Expunged offenses, Sealing of Records/Orders of Nondisclosure
First, if you do not have an Order signed by a Judge which states "Order of Expunction/Expungment" or  something similar, then get a copy of the Order.  If you cannot get a copy of the Judge Order,  answer "yes" and state you believe it was expunged.  Too often nurses are confused regarding expungments and think there is an Order when in actuality they were eligible for one; or the nurse may confuse a dismissal as a expungment.  If you can get a criminal offense expunged, get it done NOW; expunged offenses make the licensure process so much easier.

The same can be said for Order of Nondisclosure or Sealing of Records.  The difference is that the board can look at the underlying offense to determine if this action(s) causes concern for the licensing/renewal of a nurse.

Juvenile Records
Juvenile records are not automatically removed from someone's criminal history, so don't forget these when answering criminal background questions.

Deferred Adjudication, Pretrial diversion 
 Deferred Adjudication and Pretrial diversion  cases are considered convictions by the Board even though in the criminal courts they are not convictions.    Be sure to tell the Board about them.

Dismissals, No filing of charges etc.

The Board asks about any ARRESTS, so even though there were no action taken by the criminal court, you still need to tell the Board.  Why?  There are times when a case is dismissed because it is covered by another criminal charge, but for the Board they want to know about each incident.

Pending Charges

If you were arrested, you should have already answered yes, but if that question or the actual outcome question did not catch your attention the pending charges question should.  In other words, most of the time you will answer "yes" if you have been involved with the Police/Criminal Court system.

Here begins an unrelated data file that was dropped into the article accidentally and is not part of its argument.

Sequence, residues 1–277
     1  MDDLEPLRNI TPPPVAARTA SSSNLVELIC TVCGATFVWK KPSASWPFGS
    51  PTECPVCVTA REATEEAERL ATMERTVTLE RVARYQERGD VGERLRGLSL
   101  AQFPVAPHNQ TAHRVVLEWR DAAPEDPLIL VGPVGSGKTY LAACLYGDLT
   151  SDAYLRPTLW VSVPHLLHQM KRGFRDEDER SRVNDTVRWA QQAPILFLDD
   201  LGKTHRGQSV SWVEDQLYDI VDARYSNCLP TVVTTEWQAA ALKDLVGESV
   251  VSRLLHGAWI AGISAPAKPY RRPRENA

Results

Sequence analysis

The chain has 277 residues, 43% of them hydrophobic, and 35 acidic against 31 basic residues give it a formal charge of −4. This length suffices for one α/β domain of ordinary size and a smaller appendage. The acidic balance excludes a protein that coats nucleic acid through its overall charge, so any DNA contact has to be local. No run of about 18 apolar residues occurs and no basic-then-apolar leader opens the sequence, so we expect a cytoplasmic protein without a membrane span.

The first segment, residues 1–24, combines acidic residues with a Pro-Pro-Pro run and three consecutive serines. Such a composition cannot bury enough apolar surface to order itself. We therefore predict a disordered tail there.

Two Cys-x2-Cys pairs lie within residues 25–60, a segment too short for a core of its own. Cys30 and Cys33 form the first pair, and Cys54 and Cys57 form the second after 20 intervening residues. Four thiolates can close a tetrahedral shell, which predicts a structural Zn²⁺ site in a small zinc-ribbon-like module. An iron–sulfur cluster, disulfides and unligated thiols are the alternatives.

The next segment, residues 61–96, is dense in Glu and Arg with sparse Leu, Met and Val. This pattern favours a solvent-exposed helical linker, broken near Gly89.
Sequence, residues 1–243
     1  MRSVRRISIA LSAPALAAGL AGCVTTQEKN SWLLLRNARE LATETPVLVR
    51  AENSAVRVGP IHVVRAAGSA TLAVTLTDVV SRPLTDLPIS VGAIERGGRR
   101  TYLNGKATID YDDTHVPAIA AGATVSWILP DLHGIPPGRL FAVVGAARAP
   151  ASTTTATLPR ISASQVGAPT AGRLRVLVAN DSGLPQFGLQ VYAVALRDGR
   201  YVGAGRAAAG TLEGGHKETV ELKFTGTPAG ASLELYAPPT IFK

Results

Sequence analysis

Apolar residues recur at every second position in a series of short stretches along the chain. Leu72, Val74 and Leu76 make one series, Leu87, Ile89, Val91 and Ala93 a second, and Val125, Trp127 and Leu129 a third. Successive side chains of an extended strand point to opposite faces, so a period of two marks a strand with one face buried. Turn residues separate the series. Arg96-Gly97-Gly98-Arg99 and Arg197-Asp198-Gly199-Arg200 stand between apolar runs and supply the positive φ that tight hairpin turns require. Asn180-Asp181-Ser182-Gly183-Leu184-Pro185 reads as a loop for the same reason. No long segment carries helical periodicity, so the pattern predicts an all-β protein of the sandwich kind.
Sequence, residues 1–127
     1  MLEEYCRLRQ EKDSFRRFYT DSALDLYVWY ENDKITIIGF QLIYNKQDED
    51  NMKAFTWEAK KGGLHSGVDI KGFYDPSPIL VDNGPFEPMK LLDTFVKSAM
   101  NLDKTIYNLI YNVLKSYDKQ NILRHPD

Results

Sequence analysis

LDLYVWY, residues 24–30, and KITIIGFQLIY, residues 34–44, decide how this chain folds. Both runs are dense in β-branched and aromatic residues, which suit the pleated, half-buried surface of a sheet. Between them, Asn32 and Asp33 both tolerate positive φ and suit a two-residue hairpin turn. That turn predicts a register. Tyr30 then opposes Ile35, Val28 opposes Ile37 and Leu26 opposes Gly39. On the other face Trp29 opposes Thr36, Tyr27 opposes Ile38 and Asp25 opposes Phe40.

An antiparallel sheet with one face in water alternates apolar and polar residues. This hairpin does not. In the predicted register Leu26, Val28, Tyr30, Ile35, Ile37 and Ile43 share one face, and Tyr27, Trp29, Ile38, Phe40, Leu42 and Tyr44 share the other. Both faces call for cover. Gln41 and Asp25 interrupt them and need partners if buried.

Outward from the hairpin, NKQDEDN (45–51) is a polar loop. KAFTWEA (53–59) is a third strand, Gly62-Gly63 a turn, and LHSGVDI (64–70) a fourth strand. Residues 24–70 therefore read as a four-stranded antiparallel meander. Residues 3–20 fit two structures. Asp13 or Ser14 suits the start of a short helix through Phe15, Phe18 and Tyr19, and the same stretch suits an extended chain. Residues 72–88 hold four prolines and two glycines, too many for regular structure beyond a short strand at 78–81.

NJP, non judicial punishment by military administration
NJPs are administrative decisions and are not a result of the showing of evidence/witnesses before a Judge or jury; the nurse is just informed of the decision.  These are determinations made by the commanding officer.  They are not reported to any criminal database since they are non-criminal, administrative decisions.  Because of the nature of NJPs, I have argued several times to the Board that these do not belong in the same category as criminal cases and if it were not for the honesty of the nurse the Board would not even know about the NJPs since they typically do not show up on DPS and FBI background checks.  However, the board continues to ask for information regarding the NJPs and has taken disciplinary action on a nurse based on what occurred (usually when the facts involve substance abuse issues, positive screens, assault, theft).

Misdemeanor, Felony
It is a Misdemeanor, not a Felony so the BON won't be interested, right?  WRONG!!  The Board asks about all arrests and convictions, not just felonies.  If you have pending charges and the arrest was for a felony, tell your criminal attorney to plead that down to a misdemeanor.  Why?  If you have a felony conviction (and remember felony deferred adjudications are considered convictions for the Board) the Board takes much harsher action including the potential for revocation, suspension or surrender.  Sometimes a plea of guilty to a Class A misdemeanor results in a better outcome for the nurse than a Felony deferred adjudication.  It is best to have your criminal attorney speak to your administrative attorney when determining the best plea outcome.

Each case can have unique aspects which require the review by an administrative attorney experienced with the Board.  Be proactive and don't wait to get the right advice.  I met with a nurse who was going to sign a disciplinary order and only had questions about some of the restrictions proposed by the BON.  When I reviewed the Order and the underlying arrest, I informed the nurse that the BON had no statutory support for the imposition of an Order.  I wrote a letter to the Board explaining why the Order was not valid and the complaint was quickly closed (the case was being handled by a new investigator who did not know the statute and it was not caught when it went through review).  So, I know I harp on getting legal advice by an experienced attorney but I have seen over the years the need for an attorney's involvement and the definite need for an attorney who has experience with the BON and I have seen bad outcomes when the proper advice is not obtained.